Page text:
Today's hearing has been called to examine the future course of NASA's Planetary Sciences program, looking particularly at NASA's plans to carry out recommendations put forward in the Decadal Survey released earlier this spring by the National Academy of Sciences.
Before getting started, however, I'd like to thank our witnesses for agreeing to testify today. I realize a lot of work and effort goes into preparing for your appearance, and I want you to know that your wisdom and experience will be of immense value to this Committee and Congress in the months and years ahead as we strive to maintain a vital national space program.
In March of this year the National Academy of Sciences published Visions and Voyages for Planetary Science in the Decade 2013 -- 2022. This report reflects a broad consensus of the Planetary Science community, first by identifying key questions to guide NASA in the decade ahead as it endeavors to develop the next series of missions, and then by providing NASA the tools needed to maintain a balanced and vital program that looks broadly across our solar system.
It is the product of an immense effort that sought a wide range of input, including papers, meetings, and reviews by a committee chaired by Dr. Steven Squyres.
Unfortunately, budget forecasts provided by NASA to the Academy proved to be optimistic. To its credit the survey committee had the foresight to anticipate budget shortfalls and included in their recommendations steps that the agency should follow to align programs with resources, all the while maintaining balance across a set of missions.
For fairly obvious reasons, exploration of Mars has become the largest component of NASA's Planetary Science program, as well as one of its most visible. Through development of critical technologies, NASA has orbited the planet with powerful satellites, put rovers on its surface, and in less than two weeks time is preparing to launch yet another rover that will be bigger and more capable still.
The conundrum now facing NASA is selecting a mission that is the next logical step in our exploration of Mars, and how to pay for it. The decadal survey selected as its top priority mission a Mars sample-caching rover that would, in effect, be the first of a three-phase mission to return Mars soil samples to Earth. This will be a very expensive undertaking, and one obvious option would be to engage with the European Space Agency on a collaborative mission, thus reducing costs to the US.
In November 2009, NASA Administrator Bolden and ESA Director General Dordain signed a joint Statement of Intent that spelled out a series of steps for the exploration of Mars that both agencies, working collaboratively, hoped to pursue. Quoting from the statement: "NASA and ESA agree to consider the establishment of a new joint initiative to define and implement their scientific, programmatic, and technological goals for the exploration of Mars. Initially focusing on 2016 and 2018, this initiative would span several launch opportunities with landers and orbiters conducting astrobiological, geological, geophysical, climatological, and other high-priority investigations and aiming at returning samples from Mars in the mid-2020s."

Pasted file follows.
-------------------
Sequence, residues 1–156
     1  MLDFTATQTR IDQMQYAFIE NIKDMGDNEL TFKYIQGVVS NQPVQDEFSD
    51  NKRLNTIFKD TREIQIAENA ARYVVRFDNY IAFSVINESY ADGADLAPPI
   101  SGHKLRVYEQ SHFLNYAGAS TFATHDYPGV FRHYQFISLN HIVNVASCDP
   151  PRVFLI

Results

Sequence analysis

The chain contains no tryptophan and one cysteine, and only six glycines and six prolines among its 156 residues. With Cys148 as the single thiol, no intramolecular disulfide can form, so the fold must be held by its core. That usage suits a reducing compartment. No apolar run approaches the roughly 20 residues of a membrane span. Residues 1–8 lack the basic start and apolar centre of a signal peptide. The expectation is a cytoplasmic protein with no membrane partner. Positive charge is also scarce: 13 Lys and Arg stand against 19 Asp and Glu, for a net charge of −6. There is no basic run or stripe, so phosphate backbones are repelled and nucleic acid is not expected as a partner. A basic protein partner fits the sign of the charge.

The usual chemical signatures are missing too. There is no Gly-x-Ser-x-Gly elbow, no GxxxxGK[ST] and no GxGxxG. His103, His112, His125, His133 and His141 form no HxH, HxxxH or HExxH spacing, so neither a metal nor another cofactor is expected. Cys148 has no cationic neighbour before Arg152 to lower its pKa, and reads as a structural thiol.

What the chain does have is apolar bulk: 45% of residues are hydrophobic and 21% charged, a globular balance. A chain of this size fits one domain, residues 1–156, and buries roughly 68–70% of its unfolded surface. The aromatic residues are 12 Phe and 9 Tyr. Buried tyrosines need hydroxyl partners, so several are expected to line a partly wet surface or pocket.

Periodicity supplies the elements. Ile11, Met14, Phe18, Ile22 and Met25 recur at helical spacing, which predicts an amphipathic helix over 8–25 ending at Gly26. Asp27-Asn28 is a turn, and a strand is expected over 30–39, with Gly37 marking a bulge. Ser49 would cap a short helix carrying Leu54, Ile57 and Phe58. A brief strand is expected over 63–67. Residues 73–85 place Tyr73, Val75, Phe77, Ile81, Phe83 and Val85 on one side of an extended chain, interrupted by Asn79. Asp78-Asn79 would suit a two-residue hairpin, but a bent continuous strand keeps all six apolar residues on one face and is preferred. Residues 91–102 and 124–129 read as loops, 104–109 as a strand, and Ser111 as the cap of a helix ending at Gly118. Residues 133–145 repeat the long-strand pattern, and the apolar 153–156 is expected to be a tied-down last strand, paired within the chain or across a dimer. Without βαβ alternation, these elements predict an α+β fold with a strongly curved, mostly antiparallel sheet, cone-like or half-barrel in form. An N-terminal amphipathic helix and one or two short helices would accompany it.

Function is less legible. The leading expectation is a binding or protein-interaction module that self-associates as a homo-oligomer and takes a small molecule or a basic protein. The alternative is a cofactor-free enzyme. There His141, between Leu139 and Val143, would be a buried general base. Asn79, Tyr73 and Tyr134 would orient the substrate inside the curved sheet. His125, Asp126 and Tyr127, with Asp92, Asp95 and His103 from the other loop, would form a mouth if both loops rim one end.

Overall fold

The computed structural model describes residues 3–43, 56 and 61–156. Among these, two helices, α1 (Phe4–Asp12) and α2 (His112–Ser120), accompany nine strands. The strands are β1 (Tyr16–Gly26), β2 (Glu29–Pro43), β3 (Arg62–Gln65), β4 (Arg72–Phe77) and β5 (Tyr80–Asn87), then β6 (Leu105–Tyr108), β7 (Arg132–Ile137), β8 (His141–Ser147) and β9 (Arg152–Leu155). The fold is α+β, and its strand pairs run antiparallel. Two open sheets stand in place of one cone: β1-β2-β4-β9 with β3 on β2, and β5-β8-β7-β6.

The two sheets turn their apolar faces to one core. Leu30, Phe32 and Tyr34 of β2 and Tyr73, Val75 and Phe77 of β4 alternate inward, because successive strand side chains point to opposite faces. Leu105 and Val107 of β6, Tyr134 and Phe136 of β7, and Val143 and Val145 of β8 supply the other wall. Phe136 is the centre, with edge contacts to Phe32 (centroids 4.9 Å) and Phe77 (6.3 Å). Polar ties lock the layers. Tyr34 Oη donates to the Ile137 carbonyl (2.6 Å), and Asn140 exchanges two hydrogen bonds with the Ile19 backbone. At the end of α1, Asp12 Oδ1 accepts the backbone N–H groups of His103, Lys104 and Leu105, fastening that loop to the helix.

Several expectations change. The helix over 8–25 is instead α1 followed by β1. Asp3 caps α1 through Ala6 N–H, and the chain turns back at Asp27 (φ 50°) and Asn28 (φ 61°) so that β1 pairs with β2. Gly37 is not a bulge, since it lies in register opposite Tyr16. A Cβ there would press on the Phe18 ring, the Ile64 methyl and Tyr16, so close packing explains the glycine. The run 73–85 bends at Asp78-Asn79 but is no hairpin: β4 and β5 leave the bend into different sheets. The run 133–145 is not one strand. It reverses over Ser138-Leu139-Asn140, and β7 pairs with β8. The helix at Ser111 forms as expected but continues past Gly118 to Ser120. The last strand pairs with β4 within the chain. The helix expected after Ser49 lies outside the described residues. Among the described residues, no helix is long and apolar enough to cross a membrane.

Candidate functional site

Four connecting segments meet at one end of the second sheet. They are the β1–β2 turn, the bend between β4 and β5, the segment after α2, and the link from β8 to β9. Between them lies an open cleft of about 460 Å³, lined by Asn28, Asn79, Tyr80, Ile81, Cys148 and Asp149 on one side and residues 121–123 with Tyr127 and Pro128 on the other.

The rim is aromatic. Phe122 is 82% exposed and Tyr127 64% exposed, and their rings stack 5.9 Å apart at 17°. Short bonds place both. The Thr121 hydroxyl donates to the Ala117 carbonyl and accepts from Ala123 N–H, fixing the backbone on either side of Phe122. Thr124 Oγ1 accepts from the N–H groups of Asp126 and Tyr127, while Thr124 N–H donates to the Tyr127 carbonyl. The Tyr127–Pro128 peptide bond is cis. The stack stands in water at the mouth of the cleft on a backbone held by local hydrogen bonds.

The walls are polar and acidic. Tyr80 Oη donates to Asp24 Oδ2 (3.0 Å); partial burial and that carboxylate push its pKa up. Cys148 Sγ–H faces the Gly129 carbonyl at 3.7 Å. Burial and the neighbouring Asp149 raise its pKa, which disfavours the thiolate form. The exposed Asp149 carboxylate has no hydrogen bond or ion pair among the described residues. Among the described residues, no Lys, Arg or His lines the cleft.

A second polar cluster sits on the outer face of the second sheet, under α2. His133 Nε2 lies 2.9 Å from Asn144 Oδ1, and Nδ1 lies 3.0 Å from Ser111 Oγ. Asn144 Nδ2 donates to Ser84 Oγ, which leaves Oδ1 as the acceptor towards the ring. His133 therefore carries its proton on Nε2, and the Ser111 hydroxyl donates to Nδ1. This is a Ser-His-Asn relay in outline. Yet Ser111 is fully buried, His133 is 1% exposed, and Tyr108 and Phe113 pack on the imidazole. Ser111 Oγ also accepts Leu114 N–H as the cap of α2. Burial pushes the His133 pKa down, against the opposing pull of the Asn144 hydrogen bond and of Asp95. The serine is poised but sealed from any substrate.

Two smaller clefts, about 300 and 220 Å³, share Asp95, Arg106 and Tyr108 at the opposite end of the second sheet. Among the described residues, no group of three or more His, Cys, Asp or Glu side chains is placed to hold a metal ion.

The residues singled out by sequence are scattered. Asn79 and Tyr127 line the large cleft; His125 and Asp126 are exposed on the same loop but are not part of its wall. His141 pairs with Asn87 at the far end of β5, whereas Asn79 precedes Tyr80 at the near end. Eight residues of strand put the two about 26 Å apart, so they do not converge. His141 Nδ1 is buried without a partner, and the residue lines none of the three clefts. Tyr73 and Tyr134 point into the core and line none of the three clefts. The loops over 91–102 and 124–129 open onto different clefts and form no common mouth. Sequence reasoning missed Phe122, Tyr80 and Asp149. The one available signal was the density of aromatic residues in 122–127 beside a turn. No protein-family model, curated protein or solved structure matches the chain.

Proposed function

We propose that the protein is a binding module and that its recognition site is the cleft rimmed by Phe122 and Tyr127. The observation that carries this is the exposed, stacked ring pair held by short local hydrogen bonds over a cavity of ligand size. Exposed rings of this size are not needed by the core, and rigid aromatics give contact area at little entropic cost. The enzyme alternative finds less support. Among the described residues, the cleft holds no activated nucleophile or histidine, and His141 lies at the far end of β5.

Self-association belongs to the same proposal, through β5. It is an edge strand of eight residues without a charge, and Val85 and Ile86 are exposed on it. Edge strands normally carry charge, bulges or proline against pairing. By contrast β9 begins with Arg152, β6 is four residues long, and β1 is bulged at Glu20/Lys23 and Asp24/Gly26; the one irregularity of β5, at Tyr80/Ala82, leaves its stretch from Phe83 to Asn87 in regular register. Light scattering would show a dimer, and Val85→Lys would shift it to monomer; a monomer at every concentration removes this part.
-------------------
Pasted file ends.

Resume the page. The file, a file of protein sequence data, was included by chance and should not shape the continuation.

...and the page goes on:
So the question is, are we ready to make that commitment? Will NASA be a reliable partner, able to sustain obligations that span years, Administrations, and unpredictable budgets? If not resolved quickly, I am deeply worried that NASA will be viewed by our international partners as an unreliable, schizophrenic agency. On the one hand NASA is actively seeking international partners to collaborate on future missions; on the other, the Administration appears to be interfering with the agency's efforts to reach out and engage foreign governments in future flagship missions. If these internal conflicts aren't soon resolved, NASA could be left alone to fly its own missions with budgets that will result in fewer flight opportunities. Meanwhile other
international space agencies will collaborate, and in time, they may well be able to fly space missions that were once the domain of NASA.
Adding further uncertainties are NASA's struggles with the James Webb Space Telescope. To its credit, NASA identified offsets across the Science Mission Directorate -- including Planetary Science -- but did it in a way that did not undermine its ability to proceed with a de-scoped Mars sample-caching rover. Unfortunately, the White House has not yet approved the plan for release, preventing NASA from living up to its commitments to ESA, and frustrating our European partners. Adding further insult, the White House won't even reveal what offsets will be taken out Planetary Science's FY12 budget, suggesting that they'll wait until next February with the FY13 budget request rollout to identify offsets in the FY12 operating plan. I can't begin to make sense of the rationale for such a delay.
Before closing, I also want to stress the importance of maintaining balance in the Planetary Science portfolio, both in terms of mission size and destination. NASA must ensure that flagship missions don't overwhelm the Planetary Science budget, as well as preserve a regular cadence of small to medium size missions.
I realize my statement has covered a lot of territory, but in today's environment, discussing future Planetary Sciences missions necessarily involves agency budgets, international partners, the planetary science community, the James Webb Space Telescope.
I want to point out that the Office of Management and Budget was invited to testify at this hearing, but chose not to appear. I am not surprised, but I find it regrettable. OMB has enormous influence over NASA, as their decisions in many ways define the agency's future roles and missions. It would have been helpful to gain their perspective in these discussions.